My Satisfying Retirement : Aging and How We Live: Part Two


Maybe it is because I turned 73 three months ago. Perhaps it is because various aches and pains have become more of a part of my daily life over the last six months. Possibly it is because we are about to start visiting local retirement communities. 

Whatever the cause, I have been thinking more about aging and how it is, and will, affect my future. I am not alone in this journey toward important decisions, and trying to do everything within my control to make things smoother. It occurred to me that a few posts dealing with some of the choices I must make can be helpful to you, too. 

So, here is the second in that series, after Part One from several weeks ago. As always, your opinions, thoughts, and questions will be significant in my decision-making and allow this virtual community of retirees to share our experiences, fears, and options.

Not surprisingly, studies show that nearly 90% of us want to age in place for as long as possible. As the comments from the previous post made clear, staying at home comes with some costs and the possibility of putting you or your family in a difficult position. So, this is not a decision to be taken lightly.

Let’s assume that you have weighed the costs, benefits, and risks of staying put and have decided this is what you want to do for now. What can any of us do to make our current home safer and more convenient? What planning steps do we need to budget for to be able to stay home? Some of these topics were raised in the comment section of the previous post, but I wanted to have all considerations in one post for your convenience.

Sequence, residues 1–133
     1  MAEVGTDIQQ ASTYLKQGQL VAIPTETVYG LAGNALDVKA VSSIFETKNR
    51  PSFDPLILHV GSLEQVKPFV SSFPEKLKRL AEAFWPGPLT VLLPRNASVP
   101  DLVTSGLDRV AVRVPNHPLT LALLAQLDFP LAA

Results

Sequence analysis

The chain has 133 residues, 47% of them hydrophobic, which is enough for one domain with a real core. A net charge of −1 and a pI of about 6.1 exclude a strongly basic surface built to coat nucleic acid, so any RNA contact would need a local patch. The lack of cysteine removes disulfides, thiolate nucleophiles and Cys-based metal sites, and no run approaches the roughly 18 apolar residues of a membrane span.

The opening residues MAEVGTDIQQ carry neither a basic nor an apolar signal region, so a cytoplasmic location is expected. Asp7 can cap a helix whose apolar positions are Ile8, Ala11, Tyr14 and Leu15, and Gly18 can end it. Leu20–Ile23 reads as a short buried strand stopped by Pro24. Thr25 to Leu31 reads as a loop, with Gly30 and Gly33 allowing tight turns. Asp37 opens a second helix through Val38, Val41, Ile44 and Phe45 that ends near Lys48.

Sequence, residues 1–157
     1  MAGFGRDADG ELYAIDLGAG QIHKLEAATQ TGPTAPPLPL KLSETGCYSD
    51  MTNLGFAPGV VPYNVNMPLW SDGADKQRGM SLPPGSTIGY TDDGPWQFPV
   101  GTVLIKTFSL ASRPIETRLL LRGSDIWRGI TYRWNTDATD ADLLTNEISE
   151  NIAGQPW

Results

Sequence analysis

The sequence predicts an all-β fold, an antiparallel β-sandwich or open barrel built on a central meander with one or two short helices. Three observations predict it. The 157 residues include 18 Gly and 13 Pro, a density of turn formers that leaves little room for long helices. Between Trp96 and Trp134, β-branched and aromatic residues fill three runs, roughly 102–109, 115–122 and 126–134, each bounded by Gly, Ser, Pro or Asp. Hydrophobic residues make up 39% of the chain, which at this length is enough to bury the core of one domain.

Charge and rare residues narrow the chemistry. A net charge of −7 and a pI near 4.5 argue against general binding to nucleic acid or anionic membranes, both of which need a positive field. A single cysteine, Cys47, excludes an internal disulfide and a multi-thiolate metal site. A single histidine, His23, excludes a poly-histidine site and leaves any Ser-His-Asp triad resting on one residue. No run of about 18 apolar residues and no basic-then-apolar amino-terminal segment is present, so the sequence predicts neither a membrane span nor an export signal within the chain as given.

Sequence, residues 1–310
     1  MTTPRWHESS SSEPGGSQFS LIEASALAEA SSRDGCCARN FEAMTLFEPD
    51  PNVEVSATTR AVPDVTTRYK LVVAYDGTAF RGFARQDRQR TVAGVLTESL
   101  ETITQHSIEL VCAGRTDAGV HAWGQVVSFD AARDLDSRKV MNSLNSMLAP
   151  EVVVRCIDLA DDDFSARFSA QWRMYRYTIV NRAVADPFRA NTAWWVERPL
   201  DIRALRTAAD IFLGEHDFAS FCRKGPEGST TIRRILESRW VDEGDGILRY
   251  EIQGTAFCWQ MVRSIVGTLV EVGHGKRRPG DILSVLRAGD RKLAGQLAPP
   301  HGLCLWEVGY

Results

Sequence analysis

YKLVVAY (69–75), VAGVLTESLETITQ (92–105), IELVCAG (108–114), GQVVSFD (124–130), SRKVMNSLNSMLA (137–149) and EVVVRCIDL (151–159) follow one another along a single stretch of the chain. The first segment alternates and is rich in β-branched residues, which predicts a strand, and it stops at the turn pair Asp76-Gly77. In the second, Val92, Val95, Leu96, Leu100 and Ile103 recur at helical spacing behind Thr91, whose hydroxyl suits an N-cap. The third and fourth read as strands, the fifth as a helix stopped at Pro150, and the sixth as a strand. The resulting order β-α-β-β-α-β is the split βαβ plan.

Unless you have already made modifications to your home, condo, apartment or bought a place with aging in place already in mind, most need changes to make the space safe and accessible. Here are some of the important things I have been considering:

  1. Seven years ago we moved to a one-story home. Most experts say this should be at the top of your list. As we age, our knees, hips, and balance can make climbing stairs difficult and dangerous. Stair lifts are an option, but impractical for many. There should be very few stairs, even into a garage or living room if possible. The front door steps can be replaced (or augmented) with a ramp. If you must have stairs, be sure there are rails on both sides, that the treads are solid, and that there is adequate lighting.
  2. Kitchen appliances and cabinets that are easy to reach, without bending over or standing on a step stool. Betty is too short to reach the stuff in our top cabinets. My job is to reach them for her. I have seen homes with all cabinets and countertops lower than standard to accommodate wheelchairs. With six years or so left in this home that would not make economic sense for us. But, if you are in a forever home, it is an option.
  3. Either a low-maintenance dwelling or arrangements for others to do most of the work of maintaining your house, inside and out. We use a lawn service and a twice-a-month cleaning company. It keeps us from working in 105-degree heat or doing lots of bending and scrubbing on already weakened knees.